• Take it slow - this is all new!

  • Listen to your body - if things are twinging, stop and drop the intensity. 

  • Get enough rest - put your phone down in bed, stop staying up until 2 a.m. looking at memes.

  • If you have any doubts or questions, talk to a doctor, and don’t be afraid to ask ketoers who’ve blazed the path in these areas.

Happy working out! You can do it!

 

 

REFERENCES

 

(1) Salvador Vargas,Ramón Romance, Jorge L. Petro. Efficacy of ketogenic diet on body composition during resistance training in trained men: a randomized controlled trial. J Int Soc Sports Nutr. 15: 31. 2018.

 

(2) Antonio Paoli. Ketogenic Diet for Obesity: Friend or Foe? Int J Environ Res Public Health.(2): 2092–2107. Feb; 11th, 2014.

 

(3) Lehri, A. and Mokha, R. Effectiveness of Aerobic and Strength Training in Causing Weight Loss and Favourable Body Composition in Females. Journal of Exercise Science and Physiotherapy, Vol. 2: 96-99, 2006. 

 

(4) Wilson, Jacob M.1, Lowery, Ryan P.1, ; Roberts, Michael D, et al. The Effects of Ketogenic Dieting on Body Composition, Strength, Power, and Hormonal Profiles in Resistance Training Males. The Journal of Strength & Conditioning Research: April 07, 2017 - Volume Publish Ahead of Print. Last Updated: September 21, 2018.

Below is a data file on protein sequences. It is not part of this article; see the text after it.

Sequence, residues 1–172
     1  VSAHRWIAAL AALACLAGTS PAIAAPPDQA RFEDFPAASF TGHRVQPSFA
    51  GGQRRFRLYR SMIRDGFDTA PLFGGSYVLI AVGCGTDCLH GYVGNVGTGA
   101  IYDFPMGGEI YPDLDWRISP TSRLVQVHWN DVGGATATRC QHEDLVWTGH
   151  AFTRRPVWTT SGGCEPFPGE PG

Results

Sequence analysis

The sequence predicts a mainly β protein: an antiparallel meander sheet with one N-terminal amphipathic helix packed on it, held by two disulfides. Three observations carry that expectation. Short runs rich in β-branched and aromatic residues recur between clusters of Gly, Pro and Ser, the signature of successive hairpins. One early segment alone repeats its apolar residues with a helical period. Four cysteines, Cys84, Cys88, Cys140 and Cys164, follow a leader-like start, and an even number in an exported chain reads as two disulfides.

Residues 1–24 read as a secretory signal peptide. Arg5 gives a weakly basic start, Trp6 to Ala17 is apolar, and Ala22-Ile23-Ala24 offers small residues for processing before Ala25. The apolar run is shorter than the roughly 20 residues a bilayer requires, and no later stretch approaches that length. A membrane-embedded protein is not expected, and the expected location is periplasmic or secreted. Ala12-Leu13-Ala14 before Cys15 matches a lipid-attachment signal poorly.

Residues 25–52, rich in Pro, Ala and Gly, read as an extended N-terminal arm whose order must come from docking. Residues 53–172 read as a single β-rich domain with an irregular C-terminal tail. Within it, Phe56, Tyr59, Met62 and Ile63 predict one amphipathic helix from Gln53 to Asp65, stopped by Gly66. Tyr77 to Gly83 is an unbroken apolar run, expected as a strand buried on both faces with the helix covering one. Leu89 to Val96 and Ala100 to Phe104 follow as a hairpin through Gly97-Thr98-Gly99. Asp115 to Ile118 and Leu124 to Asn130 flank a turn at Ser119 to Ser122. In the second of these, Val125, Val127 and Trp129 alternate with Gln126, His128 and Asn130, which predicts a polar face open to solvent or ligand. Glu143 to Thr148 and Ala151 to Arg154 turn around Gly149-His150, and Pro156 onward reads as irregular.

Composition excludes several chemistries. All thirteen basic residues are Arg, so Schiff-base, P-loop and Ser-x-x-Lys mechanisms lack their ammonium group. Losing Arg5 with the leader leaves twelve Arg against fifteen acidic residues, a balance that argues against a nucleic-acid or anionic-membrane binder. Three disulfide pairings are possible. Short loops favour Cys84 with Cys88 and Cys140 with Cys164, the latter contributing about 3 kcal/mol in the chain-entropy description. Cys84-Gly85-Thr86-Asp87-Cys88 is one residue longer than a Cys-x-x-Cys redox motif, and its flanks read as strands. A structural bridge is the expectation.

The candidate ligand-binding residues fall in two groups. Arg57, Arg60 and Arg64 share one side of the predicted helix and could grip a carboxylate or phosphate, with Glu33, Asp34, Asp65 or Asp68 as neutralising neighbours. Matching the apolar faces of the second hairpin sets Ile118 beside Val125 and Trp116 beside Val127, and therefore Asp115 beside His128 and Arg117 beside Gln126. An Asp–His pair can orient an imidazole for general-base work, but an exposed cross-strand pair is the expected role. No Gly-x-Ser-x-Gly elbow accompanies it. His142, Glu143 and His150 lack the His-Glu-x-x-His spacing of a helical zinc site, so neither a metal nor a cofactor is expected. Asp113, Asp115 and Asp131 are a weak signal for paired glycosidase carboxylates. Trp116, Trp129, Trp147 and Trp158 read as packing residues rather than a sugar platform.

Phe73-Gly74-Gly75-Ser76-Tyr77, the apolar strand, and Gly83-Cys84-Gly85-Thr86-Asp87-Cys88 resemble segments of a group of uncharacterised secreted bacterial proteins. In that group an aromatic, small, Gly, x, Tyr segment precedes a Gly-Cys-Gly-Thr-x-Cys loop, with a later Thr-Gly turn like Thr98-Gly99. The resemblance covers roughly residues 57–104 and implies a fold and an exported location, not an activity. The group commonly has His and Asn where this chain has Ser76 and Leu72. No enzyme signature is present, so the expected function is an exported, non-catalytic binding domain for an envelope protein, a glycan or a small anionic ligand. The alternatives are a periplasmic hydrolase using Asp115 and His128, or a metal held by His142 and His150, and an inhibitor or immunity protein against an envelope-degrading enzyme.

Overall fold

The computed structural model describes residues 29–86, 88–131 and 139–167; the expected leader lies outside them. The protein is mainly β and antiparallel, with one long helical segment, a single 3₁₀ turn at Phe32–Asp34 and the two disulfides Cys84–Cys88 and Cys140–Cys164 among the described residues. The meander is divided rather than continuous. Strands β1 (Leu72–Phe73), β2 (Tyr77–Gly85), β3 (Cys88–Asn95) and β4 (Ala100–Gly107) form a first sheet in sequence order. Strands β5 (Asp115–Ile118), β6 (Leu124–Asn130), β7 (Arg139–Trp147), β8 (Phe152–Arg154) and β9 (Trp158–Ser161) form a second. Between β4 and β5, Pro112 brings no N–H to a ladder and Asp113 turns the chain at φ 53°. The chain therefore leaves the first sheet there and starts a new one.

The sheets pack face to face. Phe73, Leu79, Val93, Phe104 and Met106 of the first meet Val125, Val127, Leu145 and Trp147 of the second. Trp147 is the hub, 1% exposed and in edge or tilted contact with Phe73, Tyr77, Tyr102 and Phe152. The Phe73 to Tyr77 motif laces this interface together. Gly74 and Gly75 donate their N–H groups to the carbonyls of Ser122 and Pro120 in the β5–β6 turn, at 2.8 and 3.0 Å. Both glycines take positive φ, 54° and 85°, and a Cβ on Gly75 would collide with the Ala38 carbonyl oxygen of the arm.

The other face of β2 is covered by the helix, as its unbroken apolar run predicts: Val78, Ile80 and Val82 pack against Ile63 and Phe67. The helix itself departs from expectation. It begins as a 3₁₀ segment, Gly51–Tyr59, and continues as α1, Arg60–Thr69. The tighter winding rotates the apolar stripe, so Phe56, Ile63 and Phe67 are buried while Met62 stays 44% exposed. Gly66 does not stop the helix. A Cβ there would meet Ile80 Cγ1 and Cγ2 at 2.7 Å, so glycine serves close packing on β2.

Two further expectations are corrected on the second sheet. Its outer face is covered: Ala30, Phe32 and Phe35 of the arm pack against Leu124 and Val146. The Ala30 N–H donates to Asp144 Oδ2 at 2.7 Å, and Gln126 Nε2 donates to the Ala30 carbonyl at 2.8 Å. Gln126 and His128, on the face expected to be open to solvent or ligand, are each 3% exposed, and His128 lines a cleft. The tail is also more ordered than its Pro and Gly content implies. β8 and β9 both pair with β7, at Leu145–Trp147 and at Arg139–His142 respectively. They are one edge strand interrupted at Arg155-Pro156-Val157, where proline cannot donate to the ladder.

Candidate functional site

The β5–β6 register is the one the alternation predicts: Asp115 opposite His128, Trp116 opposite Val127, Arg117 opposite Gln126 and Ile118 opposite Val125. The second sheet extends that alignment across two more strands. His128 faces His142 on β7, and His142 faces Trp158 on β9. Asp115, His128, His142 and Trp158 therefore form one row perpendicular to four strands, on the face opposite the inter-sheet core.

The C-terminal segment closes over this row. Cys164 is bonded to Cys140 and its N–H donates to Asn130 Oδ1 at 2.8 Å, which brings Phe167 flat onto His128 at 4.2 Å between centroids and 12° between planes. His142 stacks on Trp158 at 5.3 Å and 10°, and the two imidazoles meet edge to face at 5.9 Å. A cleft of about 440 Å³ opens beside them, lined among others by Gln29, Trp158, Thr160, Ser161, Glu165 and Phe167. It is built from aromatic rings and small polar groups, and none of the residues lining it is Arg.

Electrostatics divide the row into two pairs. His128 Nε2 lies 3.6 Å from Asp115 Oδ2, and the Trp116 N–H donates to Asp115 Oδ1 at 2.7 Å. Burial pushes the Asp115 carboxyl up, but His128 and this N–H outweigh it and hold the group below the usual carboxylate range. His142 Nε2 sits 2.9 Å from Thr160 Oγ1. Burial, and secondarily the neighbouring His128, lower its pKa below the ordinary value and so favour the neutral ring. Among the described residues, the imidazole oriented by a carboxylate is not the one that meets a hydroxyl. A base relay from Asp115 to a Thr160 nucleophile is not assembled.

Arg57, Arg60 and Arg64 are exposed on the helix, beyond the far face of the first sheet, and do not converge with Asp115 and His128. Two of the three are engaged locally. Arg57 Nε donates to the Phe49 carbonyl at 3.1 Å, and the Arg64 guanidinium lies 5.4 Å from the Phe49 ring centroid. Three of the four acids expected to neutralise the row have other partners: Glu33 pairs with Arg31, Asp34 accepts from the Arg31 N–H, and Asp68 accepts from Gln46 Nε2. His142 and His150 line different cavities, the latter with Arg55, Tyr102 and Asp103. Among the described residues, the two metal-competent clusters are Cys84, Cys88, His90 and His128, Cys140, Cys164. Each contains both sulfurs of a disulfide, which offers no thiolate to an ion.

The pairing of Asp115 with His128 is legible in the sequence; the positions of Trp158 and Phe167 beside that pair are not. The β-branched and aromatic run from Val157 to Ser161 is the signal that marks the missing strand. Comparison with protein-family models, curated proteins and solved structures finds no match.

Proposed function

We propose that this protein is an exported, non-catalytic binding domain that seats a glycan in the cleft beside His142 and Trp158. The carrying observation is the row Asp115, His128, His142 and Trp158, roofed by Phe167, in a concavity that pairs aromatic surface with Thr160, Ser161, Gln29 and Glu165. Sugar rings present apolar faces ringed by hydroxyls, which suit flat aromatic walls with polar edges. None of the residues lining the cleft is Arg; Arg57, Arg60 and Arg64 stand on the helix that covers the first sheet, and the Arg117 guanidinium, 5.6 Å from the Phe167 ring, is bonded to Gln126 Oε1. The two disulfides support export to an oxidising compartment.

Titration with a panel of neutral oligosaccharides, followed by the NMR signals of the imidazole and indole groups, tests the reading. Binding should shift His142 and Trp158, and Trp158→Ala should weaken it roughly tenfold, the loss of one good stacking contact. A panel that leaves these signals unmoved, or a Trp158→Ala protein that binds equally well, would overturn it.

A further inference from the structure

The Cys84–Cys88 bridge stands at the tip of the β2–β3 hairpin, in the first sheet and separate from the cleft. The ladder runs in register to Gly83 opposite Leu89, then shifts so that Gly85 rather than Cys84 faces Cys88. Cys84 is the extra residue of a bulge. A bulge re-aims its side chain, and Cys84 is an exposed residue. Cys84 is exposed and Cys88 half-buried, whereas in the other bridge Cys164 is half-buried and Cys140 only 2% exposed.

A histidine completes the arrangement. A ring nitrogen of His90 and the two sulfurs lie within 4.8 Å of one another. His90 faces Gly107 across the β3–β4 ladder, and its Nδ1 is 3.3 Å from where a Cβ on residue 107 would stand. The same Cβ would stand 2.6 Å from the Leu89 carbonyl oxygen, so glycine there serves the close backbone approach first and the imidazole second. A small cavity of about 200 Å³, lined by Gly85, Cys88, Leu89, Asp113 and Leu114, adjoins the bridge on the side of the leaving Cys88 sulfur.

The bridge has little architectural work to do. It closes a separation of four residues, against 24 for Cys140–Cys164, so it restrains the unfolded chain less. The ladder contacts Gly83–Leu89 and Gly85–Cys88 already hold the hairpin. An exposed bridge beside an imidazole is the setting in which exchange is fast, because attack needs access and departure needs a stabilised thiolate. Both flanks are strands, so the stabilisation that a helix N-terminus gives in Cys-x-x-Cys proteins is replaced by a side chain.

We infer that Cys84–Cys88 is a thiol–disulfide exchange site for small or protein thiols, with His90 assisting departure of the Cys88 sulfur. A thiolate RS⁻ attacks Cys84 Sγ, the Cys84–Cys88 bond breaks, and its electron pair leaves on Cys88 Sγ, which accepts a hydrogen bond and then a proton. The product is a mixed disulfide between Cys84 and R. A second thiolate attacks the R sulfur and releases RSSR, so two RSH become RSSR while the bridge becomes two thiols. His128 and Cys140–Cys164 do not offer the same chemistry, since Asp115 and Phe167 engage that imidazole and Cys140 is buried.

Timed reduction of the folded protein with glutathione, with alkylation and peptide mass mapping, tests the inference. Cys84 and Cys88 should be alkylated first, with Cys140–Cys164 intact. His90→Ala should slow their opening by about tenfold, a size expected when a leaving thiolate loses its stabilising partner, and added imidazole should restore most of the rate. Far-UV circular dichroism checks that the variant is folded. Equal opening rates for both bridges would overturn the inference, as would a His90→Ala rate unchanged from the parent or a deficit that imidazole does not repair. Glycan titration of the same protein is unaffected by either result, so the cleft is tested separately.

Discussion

(5) Sean A McCleary, Matthew H Sharp, Ryan P Lowery. Effects of a ketogenic diet on strength and power. J Int Soc Sports Nutr. 2014; 11(Suppl 1): P41. Dec. 1st, 2014.

 

(6) V. A. Zammit. Ketogenesis in the liver of ruminants – adaptations to a challenge. Volume 115, Issue 2October 1990 , pp. 155-162. Published online: March 1st, 2009.

 

(7) Ali Mueller, Amelia Reek, Josh Schantzen. Effects of Carbohydrate Loading on High Performance Athletics. cehsp.d.umn.edu. https://cehsp.d.umn.edu/sites/cehsp.d.umn.edu/files/effectsofcarbohydrateloadingonhighperformanceathletics.pdf. Accessed Sep 23rd, 2018.